Dogs that have a habit of biting when playing can be deterred with unpleasant tastes. These deterrents can be bought online and from pet shops and once your dog associates biting with a horrible taste, they should soon stop biting.
Step
3
Keep your hand away from his mouth
If your dog has a habit of trying to bite when you playing, then stick to stroking their body and handling their toys only, don’t play with their mouth or head. This will reduce biting and direct their attention to the toy instead.
Step
4
Never play roughly
It sounds obvious, but if your dog has a habit of aggressive play, then don’t allow him to get worked up by also roughhousing with them. Remain quiet and soft so he can’t get overly excited and aggressive.
Step
5
Don’t be afraid to use a muzzle
If your dog consistently bites and you cannot stop him getting aggressive, then it might be time to consider a muzzle. This will prevent him biting, and when he plays gently you can remove the muzzle to signal to them they have behaved well and should continue to play in the same manner.
Recommend training method?
author-img

Written by Amy Caldwell

Published: 09/21/2017, edited: 01/08/2021

Success Stories and Training Questions

Training Questions and Answers

Question
Charlie
beagle pug
5 Months
0 found helpful
Question
0 found helpful
Charlie
beagle pug
5 Months

We have a 4 year old cat and adopted a rescue puppy in October. I think that our puppy believes that the cat is a moving play toy. But my concern is that he always tries to jump on the cat and nip or chew on his ears. The cat will tolerate this up to a point and then get to higher ground. I would like to know how to stop this behavior so that they can play gently and become friends and companions to each other. Please help!

Caitlin Crittenden
Caitlin Crittenden
Dog Trainer
906 Dog owners recommended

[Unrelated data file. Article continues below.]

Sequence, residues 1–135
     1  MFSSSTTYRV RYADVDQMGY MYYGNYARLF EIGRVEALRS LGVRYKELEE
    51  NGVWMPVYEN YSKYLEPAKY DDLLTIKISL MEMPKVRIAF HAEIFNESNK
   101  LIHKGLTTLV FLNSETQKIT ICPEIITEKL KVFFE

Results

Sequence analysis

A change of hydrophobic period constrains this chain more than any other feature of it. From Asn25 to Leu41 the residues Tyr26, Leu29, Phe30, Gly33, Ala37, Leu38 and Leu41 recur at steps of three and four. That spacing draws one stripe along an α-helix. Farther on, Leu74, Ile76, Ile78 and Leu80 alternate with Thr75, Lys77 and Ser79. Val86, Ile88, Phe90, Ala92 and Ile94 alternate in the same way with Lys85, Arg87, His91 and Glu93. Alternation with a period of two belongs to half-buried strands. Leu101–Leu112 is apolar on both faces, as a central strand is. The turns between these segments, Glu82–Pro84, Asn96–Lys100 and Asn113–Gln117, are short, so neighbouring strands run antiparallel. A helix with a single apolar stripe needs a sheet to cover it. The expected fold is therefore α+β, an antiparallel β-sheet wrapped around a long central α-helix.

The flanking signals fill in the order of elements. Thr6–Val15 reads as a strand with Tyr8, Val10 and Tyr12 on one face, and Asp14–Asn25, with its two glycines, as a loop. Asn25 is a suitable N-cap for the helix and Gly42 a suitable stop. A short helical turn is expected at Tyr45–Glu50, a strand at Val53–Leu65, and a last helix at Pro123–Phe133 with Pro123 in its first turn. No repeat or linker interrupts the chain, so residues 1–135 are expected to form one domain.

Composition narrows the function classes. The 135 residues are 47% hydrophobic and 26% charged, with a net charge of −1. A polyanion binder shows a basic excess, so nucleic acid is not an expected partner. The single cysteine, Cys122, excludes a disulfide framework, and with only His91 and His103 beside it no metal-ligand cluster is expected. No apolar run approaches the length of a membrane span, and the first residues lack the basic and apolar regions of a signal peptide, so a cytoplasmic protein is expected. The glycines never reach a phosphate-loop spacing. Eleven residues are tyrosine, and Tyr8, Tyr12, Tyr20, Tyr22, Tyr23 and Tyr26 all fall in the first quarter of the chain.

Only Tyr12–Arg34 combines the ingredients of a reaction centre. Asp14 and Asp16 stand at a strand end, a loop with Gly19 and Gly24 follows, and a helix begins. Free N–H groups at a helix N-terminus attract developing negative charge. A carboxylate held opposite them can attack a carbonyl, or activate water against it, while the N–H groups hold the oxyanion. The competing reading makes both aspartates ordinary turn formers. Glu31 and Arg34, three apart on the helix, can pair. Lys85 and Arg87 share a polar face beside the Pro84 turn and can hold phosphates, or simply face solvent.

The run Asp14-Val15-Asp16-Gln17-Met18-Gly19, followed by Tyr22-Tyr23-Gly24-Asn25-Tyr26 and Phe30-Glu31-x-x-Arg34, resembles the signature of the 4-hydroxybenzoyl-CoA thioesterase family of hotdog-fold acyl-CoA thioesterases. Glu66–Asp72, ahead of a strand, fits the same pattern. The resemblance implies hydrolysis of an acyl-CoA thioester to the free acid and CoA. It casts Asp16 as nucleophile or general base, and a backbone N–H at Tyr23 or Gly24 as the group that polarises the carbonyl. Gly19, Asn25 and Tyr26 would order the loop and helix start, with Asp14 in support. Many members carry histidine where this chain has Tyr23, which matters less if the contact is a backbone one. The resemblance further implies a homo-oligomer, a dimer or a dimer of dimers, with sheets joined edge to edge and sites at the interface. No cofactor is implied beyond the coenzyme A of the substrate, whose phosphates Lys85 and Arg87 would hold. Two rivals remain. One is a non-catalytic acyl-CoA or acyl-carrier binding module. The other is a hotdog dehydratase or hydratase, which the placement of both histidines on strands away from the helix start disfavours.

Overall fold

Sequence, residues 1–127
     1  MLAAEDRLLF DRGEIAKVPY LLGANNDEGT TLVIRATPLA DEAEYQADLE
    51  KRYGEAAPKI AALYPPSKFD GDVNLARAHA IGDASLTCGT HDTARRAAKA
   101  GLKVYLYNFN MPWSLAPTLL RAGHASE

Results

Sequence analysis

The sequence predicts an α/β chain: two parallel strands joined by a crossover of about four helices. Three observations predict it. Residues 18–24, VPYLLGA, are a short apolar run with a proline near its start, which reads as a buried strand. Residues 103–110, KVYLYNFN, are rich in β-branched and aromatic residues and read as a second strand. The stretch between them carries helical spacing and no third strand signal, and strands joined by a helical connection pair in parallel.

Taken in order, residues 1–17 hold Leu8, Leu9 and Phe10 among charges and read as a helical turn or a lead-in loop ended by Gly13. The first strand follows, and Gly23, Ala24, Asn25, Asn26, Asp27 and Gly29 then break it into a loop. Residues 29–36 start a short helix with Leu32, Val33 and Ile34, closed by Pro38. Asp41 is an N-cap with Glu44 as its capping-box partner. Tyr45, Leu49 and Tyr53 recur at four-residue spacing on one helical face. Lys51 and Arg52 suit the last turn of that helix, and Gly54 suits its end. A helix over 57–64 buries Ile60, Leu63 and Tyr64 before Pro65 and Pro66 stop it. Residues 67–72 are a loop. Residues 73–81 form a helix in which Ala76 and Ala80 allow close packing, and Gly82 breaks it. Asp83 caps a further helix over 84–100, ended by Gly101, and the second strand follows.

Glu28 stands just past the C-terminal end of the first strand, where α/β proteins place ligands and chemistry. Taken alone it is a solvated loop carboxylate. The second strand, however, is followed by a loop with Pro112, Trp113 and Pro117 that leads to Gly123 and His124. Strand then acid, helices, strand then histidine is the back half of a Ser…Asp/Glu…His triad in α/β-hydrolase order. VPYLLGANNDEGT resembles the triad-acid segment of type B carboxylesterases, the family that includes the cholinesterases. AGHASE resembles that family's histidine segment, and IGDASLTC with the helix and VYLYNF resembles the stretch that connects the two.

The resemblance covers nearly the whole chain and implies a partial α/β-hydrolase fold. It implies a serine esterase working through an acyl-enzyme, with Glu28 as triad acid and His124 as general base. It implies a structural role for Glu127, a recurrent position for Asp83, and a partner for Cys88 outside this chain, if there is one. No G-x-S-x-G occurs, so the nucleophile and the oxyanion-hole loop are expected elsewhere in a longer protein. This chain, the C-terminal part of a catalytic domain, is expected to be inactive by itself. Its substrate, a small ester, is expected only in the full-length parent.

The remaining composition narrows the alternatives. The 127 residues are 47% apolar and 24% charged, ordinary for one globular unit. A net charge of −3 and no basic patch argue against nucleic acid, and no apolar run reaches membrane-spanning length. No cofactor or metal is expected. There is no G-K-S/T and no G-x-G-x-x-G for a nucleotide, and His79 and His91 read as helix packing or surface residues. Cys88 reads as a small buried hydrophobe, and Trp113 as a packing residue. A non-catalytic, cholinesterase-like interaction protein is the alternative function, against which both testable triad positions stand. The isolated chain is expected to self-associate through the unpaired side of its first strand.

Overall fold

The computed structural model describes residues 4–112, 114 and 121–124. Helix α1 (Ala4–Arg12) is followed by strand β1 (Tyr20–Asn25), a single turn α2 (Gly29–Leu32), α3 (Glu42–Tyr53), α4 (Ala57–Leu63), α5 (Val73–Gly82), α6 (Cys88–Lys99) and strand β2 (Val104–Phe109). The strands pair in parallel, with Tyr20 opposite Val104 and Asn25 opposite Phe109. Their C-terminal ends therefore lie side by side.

Hello Carolyn, Don't expect the animals to play together, instead teach the puppy to respect the cat's space, then if the cat decides she wants to play, she can initiate it when the puppy is more mature and calmer - but very few cats ever initiate play with dogs so don't expect it. If it happens it will be a pleasant surprise. A more realistic goal for the animals is for them to be able to calmly hang out in the same room and simply get along without getting rough or scared. Just because they do not play, that does not mean that they will not enjoy each others company though. Our cat growing up simply liked to lay near our cat-friendly dog - even though they didn't play or touch usually. When Charlie starts getting rough with the cat, get between the animals, tell Charlie "Out" (which means leave the area) while you point to where he should go to (away from the cat), and walk toward Charlie until he moves to where you have pointed to - away from the cat. Pretend that you are a goalie or a herding dog, trying to herd him away from the cat using your body. Be calm but firm when you do this. You don't want to add even more excitement to the scenario by being excited or angry. When Charlie is "Out", then stand in front of him and block him from going back to the cat until he stops trying to get back. When he stops trying to get around you or fixating on the cat, or leaves completely, then walk back toward the cat yourself. If he tries to follow you back, then tell him "Ah-Ah" and repeat walking toward him to get him out of the area again. Practice walking him out of the area, standing in front of him to block him from returning to the cat, going back over to the cat yourself, and walking him out of the area again if he tries to follow you back. When you are ready to let him come back, tell him "Okay!" in a cheerful tone of voice and encourage him back over - he does not have to come back over though. Be consistent and don't let him go back over to where the cat is unless you have told its "Okay". Expect to have to repeat walking toward him and blocking his way a lot at first. He will not understand what you are doing at first, so needs to practice this. He also will likely not want to obey, but should learn to obey if you are consistent and show him through your consistency and insistence that obeying that command isn't optional. Also, when he is calmly hanging out by the cat, laying down while the cat moves around nearby, or obeys your "Out" command when first told - without you having to walk him out of the area, then reward him with treats and praise. By doing that, you are teaching him to continue to love the cat but also to be respectful toward her and calm around her. Your cat will probably appreciate Charlie's new manners and might choose to be closer to him if she feels as if she can trust him more. I also recommend teaching a "Leave It" command, so that you can tell Charlie to leave the cat alone when you know that he is thinking about bothering her but hasn't yet. Check out the article that I have linked below and use the "Leave It" method. When Charlie can do the "Leave It" training with food and objects, then practice with moving things, like yourself, other people and the cat walking by. Block him from getting to the cat if he disobeys - by getting between him and the cat like you did with the "Out" command. When he stops trying to get to the cat, then you can reward him for leaving her alone. https://wagwalking.com/training/train-a-shih-tzu-puppy-to-not-bite Best of luck training, Caitlin Crittenden